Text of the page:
Low Graphics Version 
About FolsomCity ServicesCalendarsDepartmentsOn-Line ServicesContact Us
Homepage > Departments > Community Development > City ArboristE-mail storyPrint friendly format

City Arborist

                                                 Ken Menzer, City Arborist
                                                 916 220-3016

Downloadable Forms and Info:
Folsom Tree Care Arborist List
12.16 Tree Preservation Ordinance
Folsom Street Tree Information Sheet
A Word About Topping Trees
Mistletoe Disease in Folsom
Landmark Tree Application 
Tree Permit Application
Tree Protection Zone
Landmark Tree Declassification Application
Tree Permit Guidelines  
Tree Removal Mitigation Table
Folsom Master Tree List - best if printed on legal size paper
Correcting Young Tree Issues 
Tree Pruning Procedures for Vegetation Encroaching into City Maintained Right-of-Way
Model Water Efficient Landscape Ordinance - AB 1881  
Determination of Applicability to Model Water Efficient Landscape Ordinance
Model Water Efficient Landscape Requirements Handout
Benefits of Organic Mulch.pdf
Tips for Watering Trees.pdf
Tree Identification Reference Handbook - see bottom of page



The City Arborist is a member of the Community Development Department and is responsible for:

The administration and enforcement of the City of Folsom Tree Preservation Ordinance.

The review of proposed private and public development projects in regards to potential impacts to existing trees on development sites.

The review of proposed  private and public development projects in regards to the creation of new urban forestry resources such as commercial landscapes, streetscapes, and parks.

The monitoring and care of Landmark Trees

In addition, the City Arborist assists the Public Works Department, Landscape and Lighting Districts, and the Parks and Recreation Department in planning and maintaining landscapes through the city.

A few winter tips to keep your trees healthy and safe for next year:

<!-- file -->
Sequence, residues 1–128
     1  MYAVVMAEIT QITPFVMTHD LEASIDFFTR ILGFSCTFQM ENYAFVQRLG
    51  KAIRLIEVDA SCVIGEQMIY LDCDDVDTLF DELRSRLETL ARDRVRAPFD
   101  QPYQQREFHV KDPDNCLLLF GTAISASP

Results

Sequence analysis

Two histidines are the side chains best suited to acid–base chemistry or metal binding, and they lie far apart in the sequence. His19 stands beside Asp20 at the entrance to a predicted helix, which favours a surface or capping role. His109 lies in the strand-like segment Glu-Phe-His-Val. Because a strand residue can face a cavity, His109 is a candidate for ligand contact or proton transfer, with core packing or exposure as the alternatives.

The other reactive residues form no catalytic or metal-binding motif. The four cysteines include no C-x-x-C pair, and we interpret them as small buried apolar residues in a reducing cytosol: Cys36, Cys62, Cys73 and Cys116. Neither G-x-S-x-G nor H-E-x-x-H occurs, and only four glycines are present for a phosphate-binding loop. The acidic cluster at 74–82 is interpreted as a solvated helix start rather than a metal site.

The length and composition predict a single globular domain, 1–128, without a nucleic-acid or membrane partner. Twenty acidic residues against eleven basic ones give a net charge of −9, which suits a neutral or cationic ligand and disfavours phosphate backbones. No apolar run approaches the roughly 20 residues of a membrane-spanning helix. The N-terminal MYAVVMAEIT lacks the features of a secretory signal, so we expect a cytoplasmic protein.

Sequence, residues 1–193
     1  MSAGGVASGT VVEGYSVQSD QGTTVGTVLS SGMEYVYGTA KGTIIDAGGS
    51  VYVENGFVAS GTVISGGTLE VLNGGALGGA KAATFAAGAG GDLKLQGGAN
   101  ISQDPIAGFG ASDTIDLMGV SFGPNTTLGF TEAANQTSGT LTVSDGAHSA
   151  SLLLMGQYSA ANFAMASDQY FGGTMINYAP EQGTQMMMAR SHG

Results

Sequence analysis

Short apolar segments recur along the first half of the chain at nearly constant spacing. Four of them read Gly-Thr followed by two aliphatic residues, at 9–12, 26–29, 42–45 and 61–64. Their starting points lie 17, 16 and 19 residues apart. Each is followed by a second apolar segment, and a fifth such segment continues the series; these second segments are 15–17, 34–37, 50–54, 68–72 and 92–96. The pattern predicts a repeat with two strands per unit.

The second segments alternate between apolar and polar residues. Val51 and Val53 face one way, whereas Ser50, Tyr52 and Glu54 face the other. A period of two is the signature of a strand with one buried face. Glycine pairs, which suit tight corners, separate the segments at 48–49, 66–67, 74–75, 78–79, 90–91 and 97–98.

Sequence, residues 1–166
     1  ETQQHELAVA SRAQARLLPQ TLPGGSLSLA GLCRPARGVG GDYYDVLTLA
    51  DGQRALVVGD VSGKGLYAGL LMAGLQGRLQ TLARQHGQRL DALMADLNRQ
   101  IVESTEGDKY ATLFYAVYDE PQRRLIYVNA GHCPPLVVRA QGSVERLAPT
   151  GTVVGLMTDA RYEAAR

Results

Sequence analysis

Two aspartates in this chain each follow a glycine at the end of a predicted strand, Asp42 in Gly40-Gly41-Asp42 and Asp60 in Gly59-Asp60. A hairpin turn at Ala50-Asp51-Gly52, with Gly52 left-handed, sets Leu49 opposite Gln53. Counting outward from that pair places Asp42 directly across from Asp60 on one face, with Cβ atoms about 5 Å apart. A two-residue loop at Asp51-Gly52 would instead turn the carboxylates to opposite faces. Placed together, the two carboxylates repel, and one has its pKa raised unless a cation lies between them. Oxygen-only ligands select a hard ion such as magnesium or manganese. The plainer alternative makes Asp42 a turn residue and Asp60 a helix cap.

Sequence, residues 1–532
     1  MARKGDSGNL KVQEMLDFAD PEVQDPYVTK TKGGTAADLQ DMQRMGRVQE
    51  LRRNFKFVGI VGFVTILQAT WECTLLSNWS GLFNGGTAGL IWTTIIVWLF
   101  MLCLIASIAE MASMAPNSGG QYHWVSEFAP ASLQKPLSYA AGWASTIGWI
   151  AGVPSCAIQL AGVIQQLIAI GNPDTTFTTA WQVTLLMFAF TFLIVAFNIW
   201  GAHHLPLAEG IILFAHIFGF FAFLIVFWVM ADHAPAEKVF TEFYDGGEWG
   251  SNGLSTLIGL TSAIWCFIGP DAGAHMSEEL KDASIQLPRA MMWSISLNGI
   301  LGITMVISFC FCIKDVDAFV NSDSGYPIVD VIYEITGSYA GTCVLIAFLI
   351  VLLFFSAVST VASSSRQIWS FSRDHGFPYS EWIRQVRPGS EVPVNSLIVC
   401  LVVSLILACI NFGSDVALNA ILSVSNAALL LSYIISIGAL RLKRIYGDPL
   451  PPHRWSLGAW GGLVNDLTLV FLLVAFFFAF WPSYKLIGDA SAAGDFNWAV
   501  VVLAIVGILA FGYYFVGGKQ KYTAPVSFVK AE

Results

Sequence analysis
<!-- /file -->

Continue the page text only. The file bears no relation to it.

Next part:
Inspect!  Winter, when most trees are deciduous, is the ideal time to inspect your trees for any sign of structural problems that might lead to branch or trunk failures. Check your trees from the ground up.  Look for narrowly attached limbs, extra-heavy branches, cracks, cavities, loose bark, mushrooms and conks.  If you discover anything that might be suspicious, consider contacting a qualified arborist to conduct a full assessment.

Prune!  Winter is the best time to perform most pruning.  Young shade trees should be trained to a strong and dominant single central leader.  For most trees, more than one leader can lead to structural problems late.  If your tree has more than one central leader, select the strongest and best placed and remove the others.  Leave lower branches attached as long as possible, since they are providing much needed nutrients and help build trunk girth.  Larger trees are best left to a professional arborist.  Never allow a tree to be topped!

Mulch!  Gather up all those pesky leaves that landed in your garden last fall and put them to good use.  Add them to your compost pile and use them in spring as a soil conditioner or surface mulch. Nothing is better than mulching and incorporating organic matter to build good soil!

Plant! Winter is one of the best times of the year to plant new trees.  Trees planted now will have a better chance to adapt, and will require less care and irrigation in the hot summer months.  Many nurseries have their best tree selection in the winter, including bare-root and ball-and-burlap stock.